Lori Sturdevant, an editorial writer and columnist, has covered state government and politics for more than 30 years.

Abeler's 'all in' U.S. Senate race

Posted by: Lori Sturdevant Updated: April 22, 2014 - 1:49 PM

State Rep. Jim Abeler's voice Tuesday quivered a bit with emotion, but his words and decision were clear: He won't be back in the state House next year, no matter how his bid for U.S. Sen. Al Franken's seat ends. He's "all in" as a Senate candidate, he said.

The eight-term Republican from Anoka went so far as to introduce to reporters the Republican he hopes will succceed him in the House, 26-year-old Abigail Whelan, a former legislative staffer. 

Abeler is the 14th House member to announce that he or she won't seek reelection, and one of three who are bowing out of the 134-member body to seek higher office. With up to four more lawmaking weeks ahead, that list is likely to grow.

But few departures are likely to be met with as much bipartisan regret as Abeler's -- in part because it will coincide with the retirement of DFL Rep. Tom Huntley of Duluth, and comes not long after the 2011 departure of former state Sen. Linda Berglin, DFL-Minneapolis, for a Hennepin County post. Those three were longstanding legislative masters of health care policy who did much to make Minnesota a leader among the states in health insurance coverage at an affordable cost.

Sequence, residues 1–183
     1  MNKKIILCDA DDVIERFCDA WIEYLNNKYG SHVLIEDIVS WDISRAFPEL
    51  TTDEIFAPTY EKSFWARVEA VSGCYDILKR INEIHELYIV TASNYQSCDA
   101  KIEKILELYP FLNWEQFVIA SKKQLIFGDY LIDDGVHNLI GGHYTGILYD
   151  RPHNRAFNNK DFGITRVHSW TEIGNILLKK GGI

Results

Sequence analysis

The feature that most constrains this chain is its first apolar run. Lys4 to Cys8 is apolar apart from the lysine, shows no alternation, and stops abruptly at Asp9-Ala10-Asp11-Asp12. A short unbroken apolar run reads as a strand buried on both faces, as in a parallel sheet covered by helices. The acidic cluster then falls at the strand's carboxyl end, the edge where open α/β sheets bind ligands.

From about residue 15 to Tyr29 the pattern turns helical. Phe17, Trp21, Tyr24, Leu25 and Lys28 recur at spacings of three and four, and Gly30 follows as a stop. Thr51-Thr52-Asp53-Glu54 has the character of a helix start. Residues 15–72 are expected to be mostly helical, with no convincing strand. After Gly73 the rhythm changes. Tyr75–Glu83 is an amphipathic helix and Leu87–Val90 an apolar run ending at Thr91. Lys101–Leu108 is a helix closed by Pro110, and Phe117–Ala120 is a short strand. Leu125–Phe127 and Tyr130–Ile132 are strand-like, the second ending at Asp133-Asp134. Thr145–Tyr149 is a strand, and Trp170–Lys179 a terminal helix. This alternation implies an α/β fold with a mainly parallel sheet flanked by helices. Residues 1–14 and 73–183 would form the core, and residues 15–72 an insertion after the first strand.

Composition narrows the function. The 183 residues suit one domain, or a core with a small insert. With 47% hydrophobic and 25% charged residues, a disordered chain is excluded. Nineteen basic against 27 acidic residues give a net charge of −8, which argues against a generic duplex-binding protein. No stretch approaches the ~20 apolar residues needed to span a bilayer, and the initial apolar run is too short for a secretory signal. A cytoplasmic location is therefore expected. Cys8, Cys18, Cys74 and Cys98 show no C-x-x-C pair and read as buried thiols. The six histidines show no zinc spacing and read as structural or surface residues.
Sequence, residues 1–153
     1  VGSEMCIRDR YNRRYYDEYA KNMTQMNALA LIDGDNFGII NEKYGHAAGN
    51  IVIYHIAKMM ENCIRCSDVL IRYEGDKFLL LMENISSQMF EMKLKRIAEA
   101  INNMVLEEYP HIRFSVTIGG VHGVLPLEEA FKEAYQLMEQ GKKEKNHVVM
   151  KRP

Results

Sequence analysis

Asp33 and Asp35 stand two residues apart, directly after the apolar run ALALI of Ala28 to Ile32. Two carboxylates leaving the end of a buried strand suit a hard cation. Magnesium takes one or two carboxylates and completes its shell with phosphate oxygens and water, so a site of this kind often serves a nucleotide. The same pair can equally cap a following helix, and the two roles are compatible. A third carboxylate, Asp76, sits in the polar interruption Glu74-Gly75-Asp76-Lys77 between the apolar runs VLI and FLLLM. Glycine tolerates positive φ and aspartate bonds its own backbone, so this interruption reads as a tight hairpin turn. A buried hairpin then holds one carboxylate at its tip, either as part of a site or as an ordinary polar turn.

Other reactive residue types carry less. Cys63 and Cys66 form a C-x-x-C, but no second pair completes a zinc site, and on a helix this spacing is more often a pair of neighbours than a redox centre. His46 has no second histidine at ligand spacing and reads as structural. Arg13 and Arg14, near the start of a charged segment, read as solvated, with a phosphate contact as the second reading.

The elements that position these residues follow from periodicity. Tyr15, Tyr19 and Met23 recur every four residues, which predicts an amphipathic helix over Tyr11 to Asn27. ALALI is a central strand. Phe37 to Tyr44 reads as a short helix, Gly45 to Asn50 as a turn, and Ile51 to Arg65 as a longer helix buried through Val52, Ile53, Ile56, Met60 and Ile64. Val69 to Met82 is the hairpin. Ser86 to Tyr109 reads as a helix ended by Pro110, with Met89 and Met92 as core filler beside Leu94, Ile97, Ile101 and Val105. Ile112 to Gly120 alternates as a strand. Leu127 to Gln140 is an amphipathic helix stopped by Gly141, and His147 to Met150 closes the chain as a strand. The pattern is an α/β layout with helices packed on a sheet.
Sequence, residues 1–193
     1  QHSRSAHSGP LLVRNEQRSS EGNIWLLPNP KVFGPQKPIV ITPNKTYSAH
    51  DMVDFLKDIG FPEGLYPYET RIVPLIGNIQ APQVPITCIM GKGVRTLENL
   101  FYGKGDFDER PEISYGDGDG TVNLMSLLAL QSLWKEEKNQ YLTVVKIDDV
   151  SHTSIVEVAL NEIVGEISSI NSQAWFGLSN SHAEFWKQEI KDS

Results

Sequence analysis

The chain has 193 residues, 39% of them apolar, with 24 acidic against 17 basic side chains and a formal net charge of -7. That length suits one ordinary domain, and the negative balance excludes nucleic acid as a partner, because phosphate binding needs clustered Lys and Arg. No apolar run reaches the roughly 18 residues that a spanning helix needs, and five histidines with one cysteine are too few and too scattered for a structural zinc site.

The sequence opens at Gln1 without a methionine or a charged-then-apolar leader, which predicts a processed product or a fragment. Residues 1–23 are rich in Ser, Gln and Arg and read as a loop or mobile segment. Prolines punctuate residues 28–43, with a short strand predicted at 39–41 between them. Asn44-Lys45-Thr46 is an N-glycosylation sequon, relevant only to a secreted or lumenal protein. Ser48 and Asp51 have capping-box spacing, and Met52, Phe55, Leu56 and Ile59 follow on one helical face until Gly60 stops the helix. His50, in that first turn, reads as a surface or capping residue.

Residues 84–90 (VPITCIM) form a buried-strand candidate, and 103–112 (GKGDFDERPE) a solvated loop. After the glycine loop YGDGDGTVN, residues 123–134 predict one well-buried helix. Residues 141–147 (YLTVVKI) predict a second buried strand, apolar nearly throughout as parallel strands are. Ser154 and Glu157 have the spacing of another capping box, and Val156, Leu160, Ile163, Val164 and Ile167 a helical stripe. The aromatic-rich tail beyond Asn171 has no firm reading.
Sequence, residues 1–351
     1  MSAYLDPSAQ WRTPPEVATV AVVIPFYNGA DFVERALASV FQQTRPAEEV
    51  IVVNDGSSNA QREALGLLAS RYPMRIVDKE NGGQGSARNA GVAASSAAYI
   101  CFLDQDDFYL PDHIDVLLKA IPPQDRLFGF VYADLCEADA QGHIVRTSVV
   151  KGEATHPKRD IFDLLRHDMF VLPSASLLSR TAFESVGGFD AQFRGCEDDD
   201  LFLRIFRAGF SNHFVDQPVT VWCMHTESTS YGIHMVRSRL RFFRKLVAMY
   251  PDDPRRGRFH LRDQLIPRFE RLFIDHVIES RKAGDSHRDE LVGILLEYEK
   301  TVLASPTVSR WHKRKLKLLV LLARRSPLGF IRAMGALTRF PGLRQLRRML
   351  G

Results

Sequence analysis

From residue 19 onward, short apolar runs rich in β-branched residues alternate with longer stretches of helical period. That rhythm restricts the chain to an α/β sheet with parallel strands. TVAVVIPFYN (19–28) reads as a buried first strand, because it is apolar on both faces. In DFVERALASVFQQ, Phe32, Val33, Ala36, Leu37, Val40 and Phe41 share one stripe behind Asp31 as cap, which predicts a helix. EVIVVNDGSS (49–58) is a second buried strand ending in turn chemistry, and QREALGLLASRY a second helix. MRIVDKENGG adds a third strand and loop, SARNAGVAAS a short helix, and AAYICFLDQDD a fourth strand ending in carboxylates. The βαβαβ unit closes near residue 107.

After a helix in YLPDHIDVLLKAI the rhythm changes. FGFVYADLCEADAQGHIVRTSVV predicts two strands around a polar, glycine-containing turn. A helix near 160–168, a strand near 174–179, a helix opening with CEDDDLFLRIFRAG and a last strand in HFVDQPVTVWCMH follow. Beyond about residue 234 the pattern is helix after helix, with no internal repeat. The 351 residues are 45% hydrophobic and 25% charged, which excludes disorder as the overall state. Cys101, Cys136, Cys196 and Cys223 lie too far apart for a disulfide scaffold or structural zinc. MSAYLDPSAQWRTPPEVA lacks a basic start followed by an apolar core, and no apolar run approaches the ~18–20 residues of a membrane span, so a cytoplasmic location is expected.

Legislative policy batons get passed with every election, and sometimes get dropped. That's the nature of the institution, and a challenge for legislative leaders. It falls to them to structure committees with succession planning in mind, so that junior legislators are ready to shape major bills when senior legislators step aside or their districts show them the door. It can be a tough assignment. With matters as complicated as health care, expertise builds slowly, and legislators' willingness to acquire it is not universal.

As for Abeler, he says he's eager for a chance in the U.S. Senate to apply his bipartisan style and health policy principles -- protect the client, not the delivery systems -- to national efforts to control costs. Only the occasional break in his voice revealed that he's also sad to go.

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